Tuesday, August 30, 2011

Reality in Disabled Parenting

In which Eleri rambles long about rose-coloured glasses, and how our society has failed parents.

On a usual day, I avoid articles about disabled kids, because they tend to irritate the heck outta me. Why? Because 79% (not a scientific measure) of them follow the same format:
LOOK! Parents of disabled kids! That must SUCK! See how they have perfectly structured their lives! See how they are always upbeat and positive! See how they are Fantastic Parents, event though their job is SO MUCH harder than yours! OMG THEY ARE SO AMAZING!!!

Yeah, frak that. Even the stuff that parents of the disabled pass around can be so sugar coated it causes insulin shock. Ever seen that bit "Welcome to Holland"? Evidently having a disabled kid means you have to be OK with not going to Italy, you've ended up in Holland instead, and aren't the tulips beautiful? Uh, no. How about thought I was going to land in Rome, and ended up in the Gaza Strip instead?

So seeing this article in a mag while I was watching Blade get his hair hacked off, I was planning on passing it up, and for some reason I didn't. It ended up being the first time in mainstream media that I saw any glimmer of realism- the parents stress. The mom admits to yelling not nice things at her kids. It touches on the fact that society does crap for these families. Outside family members admit to not wanting to deal with it. It hints at the lack of social interaction, the isolation, the sheer weight of it all.

Is it a deep, dark expose? Nope, but people don't want to read that sort of thing. They want positive, upbeat stories. And you know what? Parenting a kid with disabilities DOES HAVE positive, upbeat, heart swelling-joy making-Lifetime Original Movie-Hallmark Card moments.

But it also doesn't. And that gets shoved under the rug until you hear of some crazy person who beheads their disabled son.

Even books that are meant for disabled families, that are collections of personal stories, the writers are quick to qualify any feelings of despair, any moment they failed to be a loving, joyful parent. The main message is "it doesn't matter, you have to focus on the good stuff."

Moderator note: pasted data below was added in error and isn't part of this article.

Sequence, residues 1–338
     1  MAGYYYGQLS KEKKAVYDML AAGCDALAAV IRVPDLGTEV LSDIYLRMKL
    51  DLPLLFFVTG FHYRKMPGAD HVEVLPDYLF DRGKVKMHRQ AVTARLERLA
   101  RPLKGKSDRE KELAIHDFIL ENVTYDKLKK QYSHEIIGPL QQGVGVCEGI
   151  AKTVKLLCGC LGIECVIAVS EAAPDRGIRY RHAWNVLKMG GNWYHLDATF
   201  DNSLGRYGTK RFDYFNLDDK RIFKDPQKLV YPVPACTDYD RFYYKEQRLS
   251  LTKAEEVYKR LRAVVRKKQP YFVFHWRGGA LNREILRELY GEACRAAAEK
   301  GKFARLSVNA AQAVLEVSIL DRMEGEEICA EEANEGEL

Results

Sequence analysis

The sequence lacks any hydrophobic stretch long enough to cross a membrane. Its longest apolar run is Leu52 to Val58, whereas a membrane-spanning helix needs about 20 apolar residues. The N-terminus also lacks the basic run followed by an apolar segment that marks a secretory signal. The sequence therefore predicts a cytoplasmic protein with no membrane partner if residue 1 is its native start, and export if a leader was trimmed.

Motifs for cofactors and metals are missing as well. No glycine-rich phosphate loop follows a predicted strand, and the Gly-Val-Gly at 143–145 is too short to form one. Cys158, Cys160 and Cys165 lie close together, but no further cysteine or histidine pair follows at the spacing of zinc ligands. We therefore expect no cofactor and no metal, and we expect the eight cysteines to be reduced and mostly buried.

You know what? Focusing on the good stuff is a Damn Good Idea. It isn't all gloom and doom out there in Disabled Kidland. But it is a draining job- emotionally, physically, spiritually.

By drumming the 'Must Be Positive!" message, by saying things like "God never gives you more than you can handle", we are invalidating half of the experience of being the parent of a disabled child. We don't give parents an outlet for "what if I'm not handling it?" We don't give them permission to honestly say "I really just wanted to put a pillow over their face", and have it be met with empathy and support, rather than horror and disgust.

When someone says "I don't know how you do it!" or "I could never handle it!" We're supposed to nod, look demure, even self-depreciate "Oh, you just do what you have to". Sometimes the answer to "I don't know how you do it!" is "I'm not. I spend every night crying. I haven't had a real shower in a week. My body is literally breaking down from the constant stress. I have to work to feel love for my child." People don't want to hear that. They don't want to know that someone they know is suffering, especially when there's nothing they can (or will) do to help.

We, as a society, don't give these families the right to stumble, fall, break. There's no place we can go and say "Please, I just need someone else to be in charge." There's few options for respite, little to no in home support, no resources for picking up slack anywhere. There's no "Parent Protective Services" anywhere for if your kid beats up on you, or has worn you down to less than nothing.

Every book on parenting a disabled child out there says it, ask any doctor, psych, therapist etc- and they'll say it:
The ONE thing that every special needs parent out there NEEDS to have is regular respite. They need a break.

It boggles my mind just how a simple thing like providing trained respite care, just giving the parents a break they know they can count on, can plan for will make life better and easier. And it doesn't exist.

Go Google respite, and you'll find 101 articles on the need for respite for caregivers of the elderly, the risks of caregiver burnout. Hundreds of links for agencies and companies galore that have tapped into the concept 'taking care of another human being with high needs is hard work' and made it an industry- but only if that person with high needs is elderly (or, sometimes, a disabled adult).